I don't think it really matters, in one way its good, because they won't pick you up on specifics. But I'd look at what kind of methodologies they use etc. My sup appointed examiners because she wanted thme to know who she was - she didn't even know my internal and then said he might play an ego game in the viva and fight with the other bloke to be alpha male at the expense of my PhD! - thanks!
Interesting... I was told that the number one priority for choosing the external is they familiarity with the topic. My external is someone who's method my thesis is predominantly based, but my supervisors have never met him! I think different people have different attitudes to the correct way. Like most other things PhD related!
Having recently(few days ago) gone through this experience, I would say that you shouldnt worry too much about the externals field , because believe me what it all boils down to is that you believe in your work and the correctness of what you have done .. the viva is your chance to challenge the misgivings they may have on your thesis by clearly articulating your thought process and ability to have written the thesis!
I wish you all the very best.
Hmmmm. IMHO to be frank, there are two sides to this coin. It is perhaps not that good in the sense that you may end up having to explain very basic stuff about your area. And on the other hand, it may be good though that once you have gotten past the first stage and maybe removed their misunderstandings, you can say practically anything and get away with it. On the whole, it is neither good nor bad. There are actually more chances of it turning out to be good than bad (or when both were experts or they think they are experts, in both case which could have been a bigger issue) Now that you know, you can prepare yourself for the possibilities.
As long as you are confident and well-prepared, I would say you will do just fine!
So, don't worry too much about them and focus on your preparation now! (up)
Best of wishes
Very honestly, I can't see how I can prepare as I feel I know the thesis as well as I'll ever know it and reading the posts on here over the years, the rest would be down to the characteristics of the examiners and their approach which my supervisor has offered me no advice on.
My internal examiner was very definitely not an expert in my field. My external was. My internal was much much harder on me in my viva than my external, as he expected things to be done and explained as it was in HIS area. ....... just a word of warning. I'd go and find some recent publications they have if I were you, where they are first or second author, because you'll get to find out what they've been doing. If you think of it from their point of view, they'll be looking for things in your thesis they can relate to in their own line of work, and it is this that they will challenge you on.....because it is what they are experienced in. Although you say they are not experts in your field, that does not mean that they don't use say the occasional similar technique or theory or metric or whatever.....you'll be able to find stuff in their papers that will show you how they approach things (their methodology for example)......and it will certainly help you gain a view of your thesis from their perspective........and hence......you'll be able to defend it easier.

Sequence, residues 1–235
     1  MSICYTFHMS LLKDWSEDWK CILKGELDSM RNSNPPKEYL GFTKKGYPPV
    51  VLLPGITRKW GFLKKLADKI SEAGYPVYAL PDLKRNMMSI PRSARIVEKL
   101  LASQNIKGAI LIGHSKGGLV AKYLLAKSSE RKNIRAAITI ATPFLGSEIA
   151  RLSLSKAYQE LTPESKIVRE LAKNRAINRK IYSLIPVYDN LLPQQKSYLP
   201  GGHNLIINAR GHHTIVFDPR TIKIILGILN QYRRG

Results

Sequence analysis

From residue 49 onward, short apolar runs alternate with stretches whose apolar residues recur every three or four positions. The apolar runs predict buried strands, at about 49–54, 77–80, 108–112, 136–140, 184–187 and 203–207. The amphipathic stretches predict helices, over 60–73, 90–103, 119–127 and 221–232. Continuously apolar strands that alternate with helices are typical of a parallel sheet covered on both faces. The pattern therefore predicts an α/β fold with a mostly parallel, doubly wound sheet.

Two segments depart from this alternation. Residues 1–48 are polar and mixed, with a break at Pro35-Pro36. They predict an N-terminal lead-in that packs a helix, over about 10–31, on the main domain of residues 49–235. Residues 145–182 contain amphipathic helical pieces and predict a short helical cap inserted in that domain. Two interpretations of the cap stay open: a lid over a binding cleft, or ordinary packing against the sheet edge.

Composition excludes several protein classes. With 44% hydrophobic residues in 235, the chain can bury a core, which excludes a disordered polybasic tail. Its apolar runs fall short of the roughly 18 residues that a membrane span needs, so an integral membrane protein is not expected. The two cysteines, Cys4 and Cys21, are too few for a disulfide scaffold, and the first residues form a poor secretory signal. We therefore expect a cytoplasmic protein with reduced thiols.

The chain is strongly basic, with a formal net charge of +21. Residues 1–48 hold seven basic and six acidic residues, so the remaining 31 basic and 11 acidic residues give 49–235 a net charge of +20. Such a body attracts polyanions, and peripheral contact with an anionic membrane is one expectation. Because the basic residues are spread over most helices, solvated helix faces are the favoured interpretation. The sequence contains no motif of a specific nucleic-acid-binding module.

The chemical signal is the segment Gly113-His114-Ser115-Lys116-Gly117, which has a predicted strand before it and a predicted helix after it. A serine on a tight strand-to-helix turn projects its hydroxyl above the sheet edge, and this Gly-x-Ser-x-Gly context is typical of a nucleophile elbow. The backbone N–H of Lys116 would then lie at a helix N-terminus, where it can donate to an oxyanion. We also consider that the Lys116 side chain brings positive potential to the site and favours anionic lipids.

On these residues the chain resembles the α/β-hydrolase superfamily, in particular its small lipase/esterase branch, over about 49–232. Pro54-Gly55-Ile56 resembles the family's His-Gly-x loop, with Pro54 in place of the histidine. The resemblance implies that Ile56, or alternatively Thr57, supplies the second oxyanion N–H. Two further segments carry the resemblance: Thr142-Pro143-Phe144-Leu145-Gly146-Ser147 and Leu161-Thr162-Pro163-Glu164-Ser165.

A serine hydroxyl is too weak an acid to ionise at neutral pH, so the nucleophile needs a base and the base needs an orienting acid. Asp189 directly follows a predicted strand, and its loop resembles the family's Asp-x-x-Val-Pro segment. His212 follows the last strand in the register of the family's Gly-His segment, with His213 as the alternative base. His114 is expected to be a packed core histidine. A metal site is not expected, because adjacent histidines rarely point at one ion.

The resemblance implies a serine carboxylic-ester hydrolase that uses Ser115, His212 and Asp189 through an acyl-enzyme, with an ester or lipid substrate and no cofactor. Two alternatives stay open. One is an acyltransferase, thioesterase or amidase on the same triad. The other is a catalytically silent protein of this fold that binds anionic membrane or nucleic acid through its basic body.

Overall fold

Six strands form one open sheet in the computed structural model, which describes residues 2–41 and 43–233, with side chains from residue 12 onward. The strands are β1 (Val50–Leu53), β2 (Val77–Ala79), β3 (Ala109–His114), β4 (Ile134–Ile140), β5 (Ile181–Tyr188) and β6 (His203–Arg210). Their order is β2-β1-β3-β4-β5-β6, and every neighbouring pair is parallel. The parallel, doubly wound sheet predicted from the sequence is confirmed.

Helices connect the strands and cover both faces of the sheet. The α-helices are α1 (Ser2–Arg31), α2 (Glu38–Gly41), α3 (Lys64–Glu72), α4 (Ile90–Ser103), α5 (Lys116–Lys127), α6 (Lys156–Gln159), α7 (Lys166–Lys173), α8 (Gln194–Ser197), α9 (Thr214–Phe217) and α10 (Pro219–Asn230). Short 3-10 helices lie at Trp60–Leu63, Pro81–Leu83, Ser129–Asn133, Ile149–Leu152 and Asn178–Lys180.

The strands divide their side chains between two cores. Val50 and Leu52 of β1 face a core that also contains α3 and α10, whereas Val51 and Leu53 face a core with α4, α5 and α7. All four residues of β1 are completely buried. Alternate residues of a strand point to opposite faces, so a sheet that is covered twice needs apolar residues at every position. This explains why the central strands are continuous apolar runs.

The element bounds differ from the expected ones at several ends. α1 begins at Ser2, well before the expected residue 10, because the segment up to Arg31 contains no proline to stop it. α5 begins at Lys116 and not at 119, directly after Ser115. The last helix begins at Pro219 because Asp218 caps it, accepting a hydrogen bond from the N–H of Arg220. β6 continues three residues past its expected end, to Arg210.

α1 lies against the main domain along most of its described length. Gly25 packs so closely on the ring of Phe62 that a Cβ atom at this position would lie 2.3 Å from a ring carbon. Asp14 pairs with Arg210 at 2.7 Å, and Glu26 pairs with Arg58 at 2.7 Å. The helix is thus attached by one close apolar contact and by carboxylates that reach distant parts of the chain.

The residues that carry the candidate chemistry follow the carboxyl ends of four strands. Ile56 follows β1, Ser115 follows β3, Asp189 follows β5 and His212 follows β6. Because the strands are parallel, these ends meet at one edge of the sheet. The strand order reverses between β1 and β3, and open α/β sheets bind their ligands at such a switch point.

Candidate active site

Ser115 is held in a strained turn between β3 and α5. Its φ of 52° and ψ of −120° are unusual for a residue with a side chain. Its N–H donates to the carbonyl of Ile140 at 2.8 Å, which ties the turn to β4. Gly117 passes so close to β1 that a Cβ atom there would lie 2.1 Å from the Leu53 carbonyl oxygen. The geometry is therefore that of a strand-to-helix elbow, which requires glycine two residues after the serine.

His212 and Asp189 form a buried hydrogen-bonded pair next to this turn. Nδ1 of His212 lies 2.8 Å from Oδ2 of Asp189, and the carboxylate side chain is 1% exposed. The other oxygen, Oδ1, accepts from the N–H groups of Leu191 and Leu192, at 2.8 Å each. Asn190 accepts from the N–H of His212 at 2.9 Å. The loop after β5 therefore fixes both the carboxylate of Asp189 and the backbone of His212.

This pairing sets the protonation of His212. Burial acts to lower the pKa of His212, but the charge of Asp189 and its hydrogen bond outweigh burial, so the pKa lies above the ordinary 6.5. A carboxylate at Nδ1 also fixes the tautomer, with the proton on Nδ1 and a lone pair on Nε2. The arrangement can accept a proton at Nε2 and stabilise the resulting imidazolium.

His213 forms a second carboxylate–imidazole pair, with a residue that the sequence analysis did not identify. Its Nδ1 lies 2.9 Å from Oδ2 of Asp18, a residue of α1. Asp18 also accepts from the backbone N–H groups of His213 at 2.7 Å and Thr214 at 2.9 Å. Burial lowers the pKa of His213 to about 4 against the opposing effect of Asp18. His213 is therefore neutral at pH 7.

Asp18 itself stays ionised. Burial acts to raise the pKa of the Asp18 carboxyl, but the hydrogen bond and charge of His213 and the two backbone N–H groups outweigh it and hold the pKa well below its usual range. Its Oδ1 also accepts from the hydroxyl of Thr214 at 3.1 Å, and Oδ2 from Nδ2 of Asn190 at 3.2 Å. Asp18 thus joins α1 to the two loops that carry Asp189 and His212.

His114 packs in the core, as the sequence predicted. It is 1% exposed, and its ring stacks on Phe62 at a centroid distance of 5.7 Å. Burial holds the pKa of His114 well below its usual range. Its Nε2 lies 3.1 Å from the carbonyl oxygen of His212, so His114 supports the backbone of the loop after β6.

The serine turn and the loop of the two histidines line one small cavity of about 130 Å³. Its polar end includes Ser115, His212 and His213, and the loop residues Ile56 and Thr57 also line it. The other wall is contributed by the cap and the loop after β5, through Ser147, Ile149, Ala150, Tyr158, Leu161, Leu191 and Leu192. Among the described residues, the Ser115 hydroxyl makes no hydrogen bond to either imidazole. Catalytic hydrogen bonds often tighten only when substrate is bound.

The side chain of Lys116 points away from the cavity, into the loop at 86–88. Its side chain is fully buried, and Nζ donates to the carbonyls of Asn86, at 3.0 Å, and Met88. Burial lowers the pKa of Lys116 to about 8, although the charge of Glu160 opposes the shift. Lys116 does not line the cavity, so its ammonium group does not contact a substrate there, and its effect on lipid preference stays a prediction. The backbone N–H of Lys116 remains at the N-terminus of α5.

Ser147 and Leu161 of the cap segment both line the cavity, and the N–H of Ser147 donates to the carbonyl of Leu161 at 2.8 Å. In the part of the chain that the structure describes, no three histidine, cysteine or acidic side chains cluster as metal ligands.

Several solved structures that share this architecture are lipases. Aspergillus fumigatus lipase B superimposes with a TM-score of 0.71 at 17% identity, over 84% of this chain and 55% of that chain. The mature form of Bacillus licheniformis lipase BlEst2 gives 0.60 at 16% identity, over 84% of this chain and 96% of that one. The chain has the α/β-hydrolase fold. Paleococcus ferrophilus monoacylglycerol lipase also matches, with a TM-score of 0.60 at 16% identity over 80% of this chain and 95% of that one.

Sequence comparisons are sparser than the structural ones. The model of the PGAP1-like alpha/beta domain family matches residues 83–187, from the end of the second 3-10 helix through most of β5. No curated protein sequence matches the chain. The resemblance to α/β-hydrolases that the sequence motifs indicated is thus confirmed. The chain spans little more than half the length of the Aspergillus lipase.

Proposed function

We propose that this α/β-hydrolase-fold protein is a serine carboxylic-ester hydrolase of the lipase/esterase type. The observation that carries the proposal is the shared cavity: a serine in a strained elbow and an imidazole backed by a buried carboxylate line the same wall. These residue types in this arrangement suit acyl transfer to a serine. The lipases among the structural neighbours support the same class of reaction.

I also got asked some "curved-ball" questions from my internal examiner which really made me think "out of the box". I think you should be prepared to be asked some "big picture" stuff from them which might come from strange angles. What I mean is, be prepared to think on your toes with someone who isn't an expert in your field and don't think it will all be "explaining" how things work, because in my experience it certainly wasn't.
Do your homework and you'll be fine. :-)
Hey Delta! I honestly wouldn't worry too much- my internal was nowhere near in my field apart from being in the broad area of psychology, and although my external was a much better subject match, I wouldn't have said she was a complete expert in my exact topic. I had a tough viva with lots of questions I never would have predicted (and about a million questions that I was told would come up, but didn't!), but which I was able to answer after a little thought. I really believe that it is your examiners who will create your viva experience- I have had friends sail through in little more than half an hour and others who've had a really hard time, but ultimately the vast majority have had a really good outcome (a few minor corrections). My examiners' work didn't come into play in my viva, but then it wouldn't because it wasn't really related that strongly to my topic. As long as you know your thesis inside out and you know what you did and why, you'll be fine :) I only had 5 days to prepare for my viva, but if I'd had 3 months I couldn't have done any more to prepare. Best of luck with the prep! KB
Hey, Delta! I agree with KB. Neither of mine are experts. The internal is someone who has a general interest on the topic but hasn't conducted research on it at all (I have the feeling he's been picked for other reasons, maybe politics) and the external is interested on a parallel topic so neither of mine are experts.
I expect this to be pretty hard though as there is a chance they might know nothing about the exact topic (I can't predict how much they know or how much they'll know by then!) so I'm preparing for the worst, which is me having to explain everything to them!
I thought they had to be experts to, but it seems this is not the case;-)
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